The fighting cocks are a source of revenue.
What are the Roosters fed?
They treat the Roosters like boxers.
They must weigh about five pounds and must consider within two ounces of one another to fight.
So their diet is essential, and the Breeders feed the cocks a combination of oats, wheat, split peas, long grain rice, corn, popcorn, and barley.
Grooming the Roosters
Roosters are game birds. The Breeder doesn’t think it is cruel to animals because it breeds them to fight.
Most of the birds are well taken care of by the top Breeders.
The cocks are pampered and treated like boxers.
Breeders often pluck the birds’ feathers.
Adult gamecocks have their wattles and combs trimmed tight to their heads.
This is to prevent injuries when they fight and other roosters from tearing them off in the ring.
The trimming is done first to the wattles to let them heal before trimming the comb.
As the comb and wattles have blood vessels, trimming them causes some bleeding and pain to the roosters.
Since roosters do not have sweat glands, losing these body parts deprives them of the ability to cool themselves.
Some “cockers” cut off the birds’ spurs, which are the natural bony protrusions on the legs so that more deadly, artificial weapons can be strapped to their legs.
The grooming routine includes a massage of mustard seed oil to keep the rooster’s claws and beak moistened and in good shape.
Law enforcement officials have found performance-enhancing drugs during raids.
The young roosters are groomed.
They train the cock Fighters to Fly
Breeders “condition” the birds to fight through physical work.
Weights or blades to their legs for “practice fights” with other roosters.
This process is what cockfights call being “tested with steel.” A friend of ours was distraught to know that these birds spend most of their lives tethered by one leg.
Their shelter is a small cage or even a plastic barrel.
They train the cocks to fly to develop their muscles and the wings because that’s where they get their speed and their prowess.
The Breeders do this by putting a female on the other side of their cage so the roosters can’t see her.
So the roosters will need to fly up to take a glance at the female.
There is a narrow perch to rest, so the cocks learn to exercise their wings and target the opponent.
The young roosters are trained to fly.
What Happens at Cockfights?
Cockfights are usually held in round or square enclosures called “cockpits” or only “pits.”
The one I went to was in a covered building built like an arena with raised seating.
The fight takes place in the central enclosed glass caged platform raised from the floor.
Punters are seated right upfront or on the elevated seating.
The Bookies and Punters
The handler introduces the birds.
The bookies will go around waving their fingers to take bets.
As Daisy gallantly whispered sharply, “This is not a high five-time, Dory!”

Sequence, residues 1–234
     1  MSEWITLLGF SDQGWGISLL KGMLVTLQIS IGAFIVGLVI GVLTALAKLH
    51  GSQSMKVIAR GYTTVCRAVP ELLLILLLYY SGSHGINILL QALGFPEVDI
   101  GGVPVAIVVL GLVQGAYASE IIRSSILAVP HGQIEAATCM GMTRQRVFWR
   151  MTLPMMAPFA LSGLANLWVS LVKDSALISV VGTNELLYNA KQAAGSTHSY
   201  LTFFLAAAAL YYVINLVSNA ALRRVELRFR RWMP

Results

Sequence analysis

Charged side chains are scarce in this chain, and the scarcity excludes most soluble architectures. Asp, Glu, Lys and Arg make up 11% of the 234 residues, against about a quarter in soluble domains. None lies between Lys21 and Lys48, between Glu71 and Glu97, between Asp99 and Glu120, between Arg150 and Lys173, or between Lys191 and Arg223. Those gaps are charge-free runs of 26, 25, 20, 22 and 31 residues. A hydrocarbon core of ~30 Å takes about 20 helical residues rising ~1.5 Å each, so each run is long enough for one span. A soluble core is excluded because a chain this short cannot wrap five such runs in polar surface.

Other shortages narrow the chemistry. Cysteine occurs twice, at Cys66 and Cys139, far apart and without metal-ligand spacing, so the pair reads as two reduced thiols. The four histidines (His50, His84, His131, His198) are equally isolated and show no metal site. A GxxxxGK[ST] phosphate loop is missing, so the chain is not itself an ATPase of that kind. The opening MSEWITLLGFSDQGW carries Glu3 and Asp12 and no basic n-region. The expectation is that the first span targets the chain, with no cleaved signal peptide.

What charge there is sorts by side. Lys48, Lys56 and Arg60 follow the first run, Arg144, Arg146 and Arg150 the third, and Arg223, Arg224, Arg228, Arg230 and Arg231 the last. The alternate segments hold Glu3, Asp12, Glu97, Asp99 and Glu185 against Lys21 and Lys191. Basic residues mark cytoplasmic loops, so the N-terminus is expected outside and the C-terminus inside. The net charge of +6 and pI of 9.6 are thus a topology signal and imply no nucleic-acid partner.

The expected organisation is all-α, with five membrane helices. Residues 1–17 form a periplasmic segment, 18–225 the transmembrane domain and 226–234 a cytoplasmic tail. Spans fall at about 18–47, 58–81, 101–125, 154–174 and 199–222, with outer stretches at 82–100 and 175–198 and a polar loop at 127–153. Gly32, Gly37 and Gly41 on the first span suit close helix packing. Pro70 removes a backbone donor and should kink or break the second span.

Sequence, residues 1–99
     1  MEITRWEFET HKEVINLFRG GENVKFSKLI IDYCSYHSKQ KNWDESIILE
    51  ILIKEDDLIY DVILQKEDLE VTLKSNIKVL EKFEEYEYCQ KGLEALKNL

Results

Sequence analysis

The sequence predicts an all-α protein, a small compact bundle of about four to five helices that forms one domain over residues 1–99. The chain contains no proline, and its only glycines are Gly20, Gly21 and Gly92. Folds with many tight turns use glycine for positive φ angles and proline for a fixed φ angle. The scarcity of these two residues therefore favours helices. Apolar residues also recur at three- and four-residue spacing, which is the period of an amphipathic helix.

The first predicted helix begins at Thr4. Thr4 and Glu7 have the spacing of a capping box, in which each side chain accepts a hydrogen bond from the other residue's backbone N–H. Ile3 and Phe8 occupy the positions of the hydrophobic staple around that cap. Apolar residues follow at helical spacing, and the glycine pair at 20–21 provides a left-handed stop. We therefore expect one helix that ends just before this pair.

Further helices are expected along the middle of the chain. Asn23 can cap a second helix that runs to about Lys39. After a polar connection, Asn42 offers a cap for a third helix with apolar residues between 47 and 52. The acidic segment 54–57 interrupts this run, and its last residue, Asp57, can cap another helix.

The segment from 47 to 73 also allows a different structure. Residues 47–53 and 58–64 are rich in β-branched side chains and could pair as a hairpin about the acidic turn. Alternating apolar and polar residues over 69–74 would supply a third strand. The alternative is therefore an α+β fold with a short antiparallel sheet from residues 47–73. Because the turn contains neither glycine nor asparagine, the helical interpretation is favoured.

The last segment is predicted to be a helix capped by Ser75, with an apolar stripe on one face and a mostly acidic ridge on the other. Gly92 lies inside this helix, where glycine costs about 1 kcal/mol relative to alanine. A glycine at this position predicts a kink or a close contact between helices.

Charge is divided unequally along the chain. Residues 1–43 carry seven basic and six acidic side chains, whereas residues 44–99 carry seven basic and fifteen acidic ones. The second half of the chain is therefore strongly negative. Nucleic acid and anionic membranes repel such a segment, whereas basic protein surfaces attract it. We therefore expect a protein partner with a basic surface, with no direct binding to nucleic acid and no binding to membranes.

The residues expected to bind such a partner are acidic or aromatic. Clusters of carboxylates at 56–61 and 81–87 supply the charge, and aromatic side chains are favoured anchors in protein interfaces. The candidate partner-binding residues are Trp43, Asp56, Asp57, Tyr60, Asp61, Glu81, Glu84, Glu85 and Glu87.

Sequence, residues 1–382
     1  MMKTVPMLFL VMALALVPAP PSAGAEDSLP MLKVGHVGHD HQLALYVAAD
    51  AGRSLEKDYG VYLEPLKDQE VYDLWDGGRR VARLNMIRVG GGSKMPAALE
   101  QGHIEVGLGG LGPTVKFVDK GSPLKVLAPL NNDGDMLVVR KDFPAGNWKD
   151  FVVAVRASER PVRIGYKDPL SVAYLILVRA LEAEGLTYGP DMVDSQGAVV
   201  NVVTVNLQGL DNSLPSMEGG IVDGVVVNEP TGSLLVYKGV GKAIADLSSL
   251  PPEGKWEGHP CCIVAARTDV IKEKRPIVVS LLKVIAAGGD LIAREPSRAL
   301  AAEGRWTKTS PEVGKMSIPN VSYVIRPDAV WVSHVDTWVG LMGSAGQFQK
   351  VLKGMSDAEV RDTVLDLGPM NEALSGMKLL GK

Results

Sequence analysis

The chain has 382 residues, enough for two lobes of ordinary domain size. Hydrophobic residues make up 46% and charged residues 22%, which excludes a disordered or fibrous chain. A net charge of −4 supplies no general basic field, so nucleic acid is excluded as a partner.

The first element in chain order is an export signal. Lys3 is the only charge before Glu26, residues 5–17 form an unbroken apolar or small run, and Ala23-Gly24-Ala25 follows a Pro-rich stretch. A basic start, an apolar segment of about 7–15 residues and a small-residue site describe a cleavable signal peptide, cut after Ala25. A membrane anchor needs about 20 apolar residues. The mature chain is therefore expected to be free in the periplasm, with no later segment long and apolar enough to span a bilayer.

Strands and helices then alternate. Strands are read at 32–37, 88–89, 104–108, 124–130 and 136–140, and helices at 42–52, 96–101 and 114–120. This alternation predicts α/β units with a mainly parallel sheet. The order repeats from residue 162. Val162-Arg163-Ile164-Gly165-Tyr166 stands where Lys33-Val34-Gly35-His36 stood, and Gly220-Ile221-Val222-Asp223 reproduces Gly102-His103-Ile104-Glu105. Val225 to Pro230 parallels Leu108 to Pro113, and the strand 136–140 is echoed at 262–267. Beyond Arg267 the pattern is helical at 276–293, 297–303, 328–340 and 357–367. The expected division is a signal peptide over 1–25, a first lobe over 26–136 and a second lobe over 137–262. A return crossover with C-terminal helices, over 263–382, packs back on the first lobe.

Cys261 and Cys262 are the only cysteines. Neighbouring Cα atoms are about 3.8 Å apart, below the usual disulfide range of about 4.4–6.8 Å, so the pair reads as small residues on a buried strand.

The person, a bookmaker called the Casador announces, “Larga no!” the Kristos take over.
The “Kristos” are betting managers sacrilegiously named for their Christ-like crucified stance; arms stretched out beckoning the spectators.
The arena erupts into a deafening din of Kristos calling out and beckoning bets, their hands and fingers in a frenzy of motions and signals.
Hand Signs are made because of distance and the loud noise; Kristos relies on hand signs to communicate their bets with other Kristos.
The Cazador has a remarkable memory for faces; bets are taken in a split second.
The cockfight is over in minutes, and the ‘doctors’ perform skilled surgery on the injured birds.
It is a fascinating display of memory, as some Kristos, with their mnemonics system, are known to take in as much as 8 to 10 or more bets.
On the sidelines, there is a fast and furious buying-and-selling bet.
Reading the Language of Fingers
The arithmetic language of fingers facilitates communication with your Kristo and adds a fascinating facet to the sabong experience.
I saw fingers furiously flying without understanding the quantum of the math.
According to the Philippines, for the Intrepid Traveler writer, the meaning is this.
In the small arenas, especially in the rural and boondock hack fights where small bets are not uncommon, each finger signals 10 pesos; five fingers, 50 pesos.
In big cockpits or derby events, an upward finger could mean 10,000 or 100,000 pesos.
Each finger is equivalent to a 1000-peso bet; 7 fingers, 7,000 pesos.
Caution is given in pointing the fingers downward twice, which will be interpreted as a 14,000-peso bet.
Each sideward finger is equivalent to 100 pesos. In the figure, the four fingers denote 400 pesos.
It’s just as well that I didn’t raise all ten fingers upwards in a High ten gesture.
That would have cost me an upward of 100 pesos (10 pesos per finger).
In the derby events, that would translate to 1,000,000 pesos! YIKES!
The handler agitates the rooster in an attempt to work the birds into a frenzy.
Both roosters are armed.
With neck feathers fanned and wing whirring, the birds jump and parry at each other.
They kick and duel in mid-air, striking at each other with feet and beak.
Whenever the fighting wanes, handlers pick up the birds to agitate them. They will
- Blow on their backs
- Yank at their beaks
- Hold them beak-to-beak
The birds are then put back in the pits, and the fight continues.
Clawing at each other with a razor-sharp steel blade attached to their leg.
It doesn’t end until one rooster is dead or nearly dead.
I didn’t realize this at first.
I had naively thought that the losing bird just crouched down and hung its head in shame.